How to introduce children and young adults to opera? Generations of impresarios and educators alike have struggled to find an answer to this question. Parents, some of whom may be “picky eaters” themselves when it comes to classical music in general and opera in particular, have discovered that the suggestion to “try it, it’s good for you!” fails to persuade. In Verdi’s opera Rigoletto, the Duke of Mantua’s courtiers may have been seduced by “il vino, le feste, la danza, battaglie, conviti” — wine, parties, dancing, battles, and banquets. But these enticements are not really appropriate for children. Maybe, just maybe, if opera’s many facets, both behind the scenes and in the front of the house, could be adapted to a format that has already won kids over… Could one answer be an opera-inspired video game?
It should not be surprising that one possible solution comes from the birthplace of opera itself: Italy. Project Opera Domani, under the auspices of Associazione Lirica e Concertistica, had the idea to create a video game inspired by the music and story of Verdi’s Rigoletto. The group turned to the artists, video game creators, and mobile device and web developers of Imaginarium Creative Studio to realize the idea. In an homage to the aesthetics of the platform games of the ‘80s, all the graphic elements were drawn and painted by hand.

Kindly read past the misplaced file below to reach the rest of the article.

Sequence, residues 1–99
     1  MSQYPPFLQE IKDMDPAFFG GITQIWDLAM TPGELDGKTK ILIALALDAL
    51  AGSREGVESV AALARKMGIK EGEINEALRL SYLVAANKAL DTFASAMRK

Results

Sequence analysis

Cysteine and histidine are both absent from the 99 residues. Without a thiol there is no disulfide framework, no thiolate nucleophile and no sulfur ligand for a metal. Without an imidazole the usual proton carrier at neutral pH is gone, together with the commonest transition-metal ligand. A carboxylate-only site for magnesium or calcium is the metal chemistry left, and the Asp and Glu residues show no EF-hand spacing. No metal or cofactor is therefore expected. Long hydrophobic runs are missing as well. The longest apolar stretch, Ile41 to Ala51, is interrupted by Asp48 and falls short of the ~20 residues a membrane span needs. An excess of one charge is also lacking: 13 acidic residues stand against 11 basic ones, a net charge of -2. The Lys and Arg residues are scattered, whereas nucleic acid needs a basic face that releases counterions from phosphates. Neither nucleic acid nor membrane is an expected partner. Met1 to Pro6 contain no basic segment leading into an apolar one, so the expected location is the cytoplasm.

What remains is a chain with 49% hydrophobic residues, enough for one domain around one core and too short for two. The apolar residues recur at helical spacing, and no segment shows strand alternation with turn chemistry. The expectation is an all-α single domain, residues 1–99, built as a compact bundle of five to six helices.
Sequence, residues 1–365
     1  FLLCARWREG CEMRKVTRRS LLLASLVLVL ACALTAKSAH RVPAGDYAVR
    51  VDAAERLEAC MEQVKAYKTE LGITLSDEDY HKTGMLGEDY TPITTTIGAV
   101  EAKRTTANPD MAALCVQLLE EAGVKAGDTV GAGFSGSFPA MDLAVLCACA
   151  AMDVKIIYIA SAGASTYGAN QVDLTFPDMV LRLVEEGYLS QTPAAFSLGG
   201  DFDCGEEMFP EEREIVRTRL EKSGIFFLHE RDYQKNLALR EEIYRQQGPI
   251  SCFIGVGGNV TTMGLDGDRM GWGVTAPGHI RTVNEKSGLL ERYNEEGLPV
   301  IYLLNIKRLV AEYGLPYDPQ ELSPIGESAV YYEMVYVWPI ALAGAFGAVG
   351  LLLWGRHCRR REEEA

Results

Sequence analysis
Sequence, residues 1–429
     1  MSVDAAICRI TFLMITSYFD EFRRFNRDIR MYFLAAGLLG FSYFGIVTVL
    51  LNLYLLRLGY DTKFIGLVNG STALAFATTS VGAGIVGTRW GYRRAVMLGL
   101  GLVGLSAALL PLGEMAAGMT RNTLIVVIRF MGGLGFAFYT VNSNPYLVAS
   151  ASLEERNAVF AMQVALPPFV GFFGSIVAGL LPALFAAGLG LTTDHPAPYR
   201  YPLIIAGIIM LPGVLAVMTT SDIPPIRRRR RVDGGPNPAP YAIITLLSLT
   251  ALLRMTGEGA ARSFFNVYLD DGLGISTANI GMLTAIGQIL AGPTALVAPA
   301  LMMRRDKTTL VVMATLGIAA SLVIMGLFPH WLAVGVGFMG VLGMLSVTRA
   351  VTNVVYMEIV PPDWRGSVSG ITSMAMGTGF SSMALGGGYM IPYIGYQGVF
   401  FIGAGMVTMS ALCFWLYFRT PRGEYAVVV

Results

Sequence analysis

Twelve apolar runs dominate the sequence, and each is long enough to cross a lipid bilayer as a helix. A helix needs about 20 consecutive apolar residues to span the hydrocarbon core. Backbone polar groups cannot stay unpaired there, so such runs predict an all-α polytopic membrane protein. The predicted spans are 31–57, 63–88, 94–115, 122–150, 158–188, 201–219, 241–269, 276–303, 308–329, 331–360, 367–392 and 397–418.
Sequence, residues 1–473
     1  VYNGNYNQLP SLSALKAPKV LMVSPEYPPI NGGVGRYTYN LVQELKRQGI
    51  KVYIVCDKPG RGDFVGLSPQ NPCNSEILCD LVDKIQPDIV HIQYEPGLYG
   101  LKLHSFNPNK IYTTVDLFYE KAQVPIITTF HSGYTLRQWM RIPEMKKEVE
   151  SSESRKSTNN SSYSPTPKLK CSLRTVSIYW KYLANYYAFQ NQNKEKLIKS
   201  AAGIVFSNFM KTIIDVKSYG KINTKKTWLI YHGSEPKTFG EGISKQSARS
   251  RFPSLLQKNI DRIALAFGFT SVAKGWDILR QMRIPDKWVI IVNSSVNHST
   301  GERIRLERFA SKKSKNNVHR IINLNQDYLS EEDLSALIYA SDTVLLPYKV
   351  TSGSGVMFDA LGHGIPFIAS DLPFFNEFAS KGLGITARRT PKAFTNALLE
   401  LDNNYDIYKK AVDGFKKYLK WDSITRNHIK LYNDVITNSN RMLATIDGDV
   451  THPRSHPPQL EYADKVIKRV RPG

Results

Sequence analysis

Rigoletto: Mysteries of the Theater game trailer
Rigoletto: Mysteries of the Theater is based loosely on the plot of Verdi’s opera. The Duke of Mantua’s courtiers, mischief-makers that they are, decide to sabotage a performance of Verdi’s melodrama. They’ve kidnapped the entire cast, including Gilda, daughter of Rigoletto, court jester to the Duke. It’s up to our hero to save them all. Assuming the title role, the player must pass a series of tests by finding the key to various locales in the opera house, with the hope of finding and freeing the cast. And the music used in the video game? Themes from Verdi’s Rigoletto, certo!
The making of Rigoletto: Mysteries of the Theater
So jump up and down on the seats in the theater. Float on a cotton ball in the makeup room. Dodge the flying power drills in the set construction area. Hitch a ride on a paint roller in the scenic design shop. Make your way through the musical instruments in the orchestra pit. Thanks to you, Rigoletto will free the cast, and the show will go on!